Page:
St. Andrew's & St. Paul's United Church
"Thy WORD is a Lamp unto my Feet
And a Light unto my PATH"
We are pleased to welcome you to our new web-page.
St. Andrew's & St. Paul's United Church has a long rich history that goes back over a 100 years. Our church is built on a strong foundation of faith and fellowship which we now hope to share with all of you online.
Also known as The Russell United Church, we have an active membership that is more like a family. St. Andrew's & St. Paul's United Church is an active participant in our community and welcomes new members at all times. We gather as God's people and strive to:
"TO KNOW JESUS AND SHARE HIS LOVE"
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Recorded sermons uploaded weekly.
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I came across this little piece put out by the Roman Catholic Church. In the article it speaks of the Song of Songs, which is part of the Roman Catholic Bible; but many Protestants omitted this text, feeling it was a little too racy to be a sacred text.
Before Hallmark, before long-stemmed roses delivered to your door or your desk, before heart-shaped boxes of chocolates with embossed “flavor maps” — there was St. Valentine. Actually, there may have been two. The history’s pretty murky, and includes legends about an early Christian priest martyred for surreptitiously helping Christians to wed. So uncertain are the details, in fact, that in 1969 the Roman Catholic Church officially discontinued liturgical veneration of St. Valentine, though he’s still on the list of recognized saints.
But the holiday lives on. It turns out Chaucer, of all people, may be the reason why: the late-medieval poet penned “Parliament of Foules” sometime around 1375, including a link — embellished by more than a little poetic license — between courtly love and St. Valentine’s feast day. February 14, Chaucer wrote, is the day birds come together to find a mate: “For this was sent on Seynt Valentyne’s day / Whan every foul cometh ther to choose his mate.” A lovely day indeed — and as the poem’s fame spread, so did the day’s association with affection, both avian and human.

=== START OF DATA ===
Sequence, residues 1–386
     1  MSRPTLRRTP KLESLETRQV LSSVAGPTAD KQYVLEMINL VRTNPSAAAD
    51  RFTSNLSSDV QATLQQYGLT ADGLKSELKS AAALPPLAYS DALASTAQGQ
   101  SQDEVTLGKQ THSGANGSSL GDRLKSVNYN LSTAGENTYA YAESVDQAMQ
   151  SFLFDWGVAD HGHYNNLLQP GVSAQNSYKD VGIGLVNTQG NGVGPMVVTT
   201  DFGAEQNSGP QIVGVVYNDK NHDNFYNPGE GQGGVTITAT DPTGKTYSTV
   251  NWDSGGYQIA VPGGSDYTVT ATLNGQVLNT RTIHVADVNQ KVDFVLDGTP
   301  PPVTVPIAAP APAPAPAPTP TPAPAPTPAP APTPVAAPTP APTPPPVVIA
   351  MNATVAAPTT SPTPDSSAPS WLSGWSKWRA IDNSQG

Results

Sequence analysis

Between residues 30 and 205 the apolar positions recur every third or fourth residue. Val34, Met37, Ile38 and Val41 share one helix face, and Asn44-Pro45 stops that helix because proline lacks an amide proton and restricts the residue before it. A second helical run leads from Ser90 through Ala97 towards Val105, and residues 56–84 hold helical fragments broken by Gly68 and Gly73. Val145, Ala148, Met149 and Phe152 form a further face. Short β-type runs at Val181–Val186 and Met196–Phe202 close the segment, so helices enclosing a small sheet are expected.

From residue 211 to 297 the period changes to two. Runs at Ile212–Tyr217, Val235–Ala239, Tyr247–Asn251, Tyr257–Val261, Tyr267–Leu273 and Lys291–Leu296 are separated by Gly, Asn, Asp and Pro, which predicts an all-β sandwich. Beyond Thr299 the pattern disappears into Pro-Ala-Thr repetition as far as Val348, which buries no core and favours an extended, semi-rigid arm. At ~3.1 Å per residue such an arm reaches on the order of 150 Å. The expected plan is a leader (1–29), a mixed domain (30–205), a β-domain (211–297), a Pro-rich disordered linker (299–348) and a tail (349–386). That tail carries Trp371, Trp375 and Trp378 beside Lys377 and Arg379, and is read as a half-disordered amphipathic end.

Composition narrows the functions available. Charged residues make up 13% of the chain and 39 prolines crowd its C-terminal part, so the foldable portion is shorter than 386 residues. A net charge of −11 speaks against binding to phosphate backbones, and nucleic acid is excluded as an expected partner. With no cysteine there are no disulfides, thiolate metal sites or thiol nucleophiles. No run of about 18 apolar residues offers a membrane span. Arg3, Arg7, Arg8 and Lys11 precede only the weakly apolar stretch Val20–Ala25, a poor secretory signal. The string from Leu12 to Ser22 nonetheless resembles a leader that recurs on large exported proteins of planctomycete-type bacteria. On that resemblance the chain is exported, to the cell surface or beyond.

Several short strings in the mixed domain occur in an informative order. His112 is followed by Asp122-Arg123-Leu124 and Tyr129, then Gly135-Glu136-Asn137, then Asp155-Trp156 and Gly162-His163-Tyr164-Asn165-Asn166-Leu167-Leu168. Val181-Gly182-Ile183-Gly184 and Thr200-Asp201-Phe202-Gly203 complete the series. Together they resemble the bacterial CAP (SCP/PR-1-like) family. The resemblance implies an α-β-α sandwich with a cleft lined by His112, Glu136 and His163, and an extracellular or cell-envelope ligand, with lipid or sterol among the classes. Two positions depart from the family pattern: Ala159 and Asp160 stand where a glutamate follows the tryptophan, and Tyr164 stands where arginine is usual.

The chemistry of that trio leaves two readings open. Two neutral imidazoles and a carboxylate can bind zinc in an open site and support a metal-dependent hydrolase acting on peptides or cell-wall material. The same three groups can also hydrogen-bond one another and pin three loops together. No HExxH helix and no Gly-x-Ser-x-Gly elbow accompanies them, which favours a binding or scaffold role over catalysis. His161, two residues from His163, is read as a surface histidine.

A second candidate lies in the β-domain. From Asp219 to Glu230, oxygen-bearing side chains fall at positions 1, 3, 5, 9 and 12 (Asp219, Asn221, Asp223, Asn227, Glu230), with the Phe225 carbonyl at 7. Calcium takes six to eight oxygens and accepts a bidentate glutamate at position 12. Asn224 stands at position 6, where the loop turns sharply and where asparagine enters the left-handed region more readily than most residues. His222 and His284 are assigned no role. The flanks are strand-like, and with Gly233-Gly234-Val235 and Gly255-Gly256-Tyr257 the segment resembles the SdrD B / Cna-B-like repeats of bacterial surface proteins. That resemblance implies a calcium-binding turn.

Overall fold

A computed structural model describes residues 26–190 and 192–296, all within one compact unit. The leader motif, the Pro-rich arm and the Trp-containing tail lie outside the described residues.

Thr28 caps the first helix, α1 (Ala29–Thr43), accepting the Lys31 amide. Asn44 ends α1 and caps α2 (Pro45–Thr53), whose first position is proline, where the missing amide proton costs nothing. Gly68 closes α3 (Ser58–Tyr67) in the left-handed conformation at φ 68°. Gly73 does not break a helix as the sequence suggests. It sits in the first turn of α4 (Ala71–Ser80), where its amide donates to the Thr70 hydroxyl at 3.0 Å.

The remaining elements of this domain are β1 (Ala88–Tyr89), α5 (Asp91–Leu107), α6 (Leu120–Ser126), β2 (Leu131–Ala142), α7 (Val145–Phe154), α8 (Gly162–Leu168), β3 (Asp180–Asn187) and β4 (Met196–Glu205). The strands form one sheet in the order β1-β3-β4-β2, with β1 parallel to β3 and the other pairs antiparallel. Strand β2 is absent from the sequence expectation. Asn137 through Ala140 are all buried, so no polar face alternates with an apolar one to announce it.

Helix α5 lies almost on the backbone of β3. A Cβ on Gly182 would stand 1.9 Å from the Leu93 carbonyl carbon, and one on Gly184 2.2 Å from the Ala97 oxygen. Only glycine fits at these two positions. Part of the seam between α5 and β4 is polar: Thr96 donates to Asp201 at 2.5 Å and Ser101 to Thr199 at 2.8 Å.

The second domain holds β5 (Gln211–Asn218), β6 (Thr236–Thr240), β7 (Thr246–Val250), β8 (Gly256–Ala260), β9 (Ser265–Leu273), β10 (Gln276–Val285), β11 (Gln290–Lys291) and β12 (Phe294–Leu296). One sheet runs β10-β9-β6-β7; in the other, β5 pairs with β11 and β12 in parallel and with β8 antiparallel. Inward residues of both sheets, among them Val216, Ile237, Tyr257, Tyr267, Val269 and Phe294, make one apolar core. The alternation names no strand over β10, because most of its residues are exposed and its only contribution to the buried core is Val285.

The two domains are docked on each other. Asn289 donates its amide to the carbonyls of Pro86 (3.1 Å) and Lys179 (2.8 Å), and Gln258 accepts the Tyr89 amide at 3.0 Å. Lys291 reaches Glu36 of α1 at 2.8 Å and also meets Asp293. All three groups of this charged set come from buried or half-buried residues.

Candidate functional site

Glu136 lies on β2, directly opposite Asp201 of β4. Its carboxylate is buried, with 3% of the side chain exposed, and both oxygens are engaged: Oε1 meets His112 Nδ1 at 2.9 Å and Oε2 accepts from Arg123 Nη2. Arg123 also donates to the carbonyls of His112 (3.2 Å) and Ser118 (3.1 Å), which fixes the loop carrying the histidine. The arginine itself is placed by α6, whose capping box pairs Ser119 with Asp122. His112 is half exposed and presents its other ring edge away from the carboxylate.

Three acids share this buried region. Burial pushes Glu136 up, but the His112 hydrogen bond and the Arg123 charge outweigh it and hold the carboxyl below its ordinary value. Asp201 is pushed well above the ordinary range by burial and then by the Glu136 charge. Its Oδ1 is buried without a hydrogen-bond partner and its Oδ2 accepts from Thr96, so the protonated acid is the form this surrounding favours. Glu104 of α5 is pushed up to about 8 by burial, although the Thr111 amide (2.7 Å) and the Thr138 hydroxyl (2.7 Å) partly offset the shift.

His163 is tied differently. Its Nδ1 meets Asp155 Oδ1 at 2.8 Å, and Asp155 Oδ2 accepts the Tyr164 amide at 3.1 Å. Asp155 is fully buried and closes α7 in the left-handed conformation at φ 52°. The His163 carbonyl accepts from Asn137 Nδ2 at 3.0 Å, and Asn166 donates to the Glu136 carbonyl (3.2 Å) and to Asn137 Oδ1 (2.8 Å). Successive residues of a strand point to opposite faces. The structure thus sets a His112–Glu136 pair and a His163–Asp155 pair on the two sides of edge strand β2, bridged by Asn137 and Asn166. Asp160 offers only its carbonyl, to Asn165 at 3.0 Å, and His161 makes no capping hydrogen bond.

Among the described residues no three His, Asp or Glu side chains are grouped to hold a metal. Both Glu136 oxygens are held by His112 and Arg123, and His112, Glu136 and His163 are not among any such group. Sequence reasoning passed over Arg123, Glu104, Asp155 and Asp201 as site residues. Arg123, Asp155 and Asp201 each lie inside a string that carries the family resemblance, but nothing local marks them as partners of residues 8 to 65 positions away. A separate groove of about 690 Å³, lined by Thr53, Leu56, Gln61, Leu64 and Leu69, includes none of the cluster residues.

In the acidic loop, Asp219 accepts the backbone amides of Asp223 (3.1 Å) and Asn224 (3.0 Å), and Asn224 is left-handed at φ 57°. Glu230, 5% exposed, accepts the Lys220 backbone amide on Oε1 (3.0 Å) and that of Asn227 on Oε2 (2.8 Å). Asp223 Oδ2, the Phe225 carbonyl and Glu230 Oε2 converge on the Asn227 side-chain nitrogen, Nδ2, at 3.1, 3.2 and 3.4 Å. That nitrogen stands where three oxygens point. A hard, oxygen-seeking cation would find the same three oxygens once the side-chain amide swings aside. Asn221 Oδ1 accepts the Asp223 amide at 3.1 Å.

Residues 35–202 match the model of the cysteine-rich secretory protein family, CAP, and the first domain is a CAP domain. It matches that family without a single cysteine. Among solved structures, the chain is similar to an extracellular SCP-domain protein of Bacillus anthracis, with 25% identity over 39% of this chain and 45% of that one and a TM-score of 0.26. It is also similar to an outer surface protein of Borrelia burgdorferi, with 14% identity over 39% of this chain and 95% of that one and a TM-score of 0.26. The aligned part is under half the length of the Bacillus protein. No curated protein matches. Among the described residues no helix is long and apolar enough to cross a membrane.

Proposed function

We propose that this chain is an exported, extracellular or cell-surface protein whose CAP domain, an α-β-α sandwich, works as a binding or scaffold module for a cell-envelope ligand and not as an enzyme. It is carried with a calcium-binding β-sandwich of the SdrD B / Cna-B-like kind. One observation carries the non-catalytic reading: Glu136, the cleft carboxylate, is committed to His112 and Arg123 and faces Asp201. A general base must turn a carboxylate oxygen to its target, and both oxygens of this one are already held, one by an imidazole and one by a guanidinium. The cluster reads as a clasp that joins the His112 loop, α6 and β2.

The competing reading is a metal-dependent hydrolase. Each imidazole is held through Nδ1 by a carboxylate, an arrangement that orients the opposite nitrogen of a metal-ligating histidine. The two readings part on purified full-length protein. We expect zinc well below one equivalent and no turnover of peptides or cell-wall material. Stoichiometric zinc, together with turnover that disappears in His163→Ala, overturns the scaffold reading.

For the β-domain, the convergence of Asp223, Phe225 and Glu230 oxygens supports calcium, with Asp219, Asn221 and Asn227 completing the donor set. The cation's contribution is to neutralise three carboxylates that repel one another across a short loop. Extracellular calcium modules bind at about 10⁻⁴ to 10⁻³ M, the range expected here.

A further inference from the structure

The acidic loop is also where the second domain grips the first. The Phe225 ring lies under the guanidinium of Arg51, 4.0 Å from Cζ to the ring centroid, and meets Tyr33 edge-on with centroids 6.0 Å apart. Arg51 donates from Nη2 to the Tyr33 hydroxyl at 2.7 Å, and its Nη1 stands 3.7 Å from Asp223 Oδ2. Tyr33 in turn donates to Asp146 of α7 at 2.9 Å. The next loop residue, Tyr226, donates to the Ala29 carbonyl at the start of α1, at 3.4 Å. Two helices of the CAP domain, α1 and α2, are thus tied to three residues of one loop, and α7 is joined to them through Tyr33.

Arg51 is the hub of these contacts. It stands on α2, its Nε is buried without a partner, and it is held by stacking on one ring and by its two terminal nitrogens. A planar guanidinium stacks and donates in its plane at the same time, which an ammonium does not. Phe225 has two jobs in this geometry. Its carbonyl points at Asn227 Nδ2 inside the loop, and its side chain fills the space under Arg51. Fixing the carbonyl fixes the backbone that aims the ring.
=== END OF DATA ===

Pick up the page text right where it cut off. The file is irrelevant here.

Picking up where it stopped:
But however fanciful these various legends may be, there’s a deeper wisdom beneath the whimsy. For centuries in Christian thought, the most prestigious book in the Bible, the “graduate school” of Christian spirituality, wasn’t Matthew, Mark, Luke, or John, or the Book of Genesis, or the Psalms. It was the Song of Songs, an ancient — and pretty racy! — romantic poem about love in a world fraught with danger. Over the centuries, the poem was interpreted as an unsurpassed figurative portrait of the love between God and God’s people.
Not that God’s love for us is sexual; rather, the idea is that the intensity, intimacy, and delight of sexual love can be a kind of window, a sacramental parable, for understanding God’s love. Divine love is tender and kind, immersive and ecstatic, full of longing and delight. It’s vulnerable, beautiful, gentle, and strong.
No doubt St. Valentine would approve.
So this Valentine’s Day, think of all the love in your life — the love you feel and the love you witness; the love you remember and the love you long for; even the love among the birds of the air! — as a glimpse of God’s care for all creation. And if you’re especially perceptive or especially mischievous, you can glimpse divine love even in places as ordinary as a sweet little greeting card, an arrangement of flowers, or a “flavor map” embossed on a heart-shaped lid.
If we have eyes to see and ears to hear, the truth about God’s love is that it’s all around us, the Song of all songs, the Symphony of all symphonies, echoing everywhere.
Happy Valentine’s Day!
What to Expect
*** Due to pandemic restrictions many usual part of service have been removed or adapted.
Please ensure you bring your mask to service at this time
Greetings & Introduction
Lighting of the Candles
Hymns (no singing at this time), Prayers
Children's Story, Ministry of Music Presentation- not offered at this time
The Nursery*, Sunday School, and Youth-not offered at this time
Scripture Readings & Reflections
All are welcome to join us for refreshments in the Upper Hall after Worship. We are unable to offer refreshments or congregating at this time but look forward to the future and meeting everyone.
We are Accessible!
St. Andrew's and St. Paul's United Church strives to be accessible to everyone.
The church has parking beside the building and designated areas for permit parking. We have a full ramp to access the building as well as one inside the sanctuary to access the upper hall. We use projection screens and bulletins to share information throughout the services.
We are always looking to improve so please do not hesitate to contact us if you are unsure or have specific needs.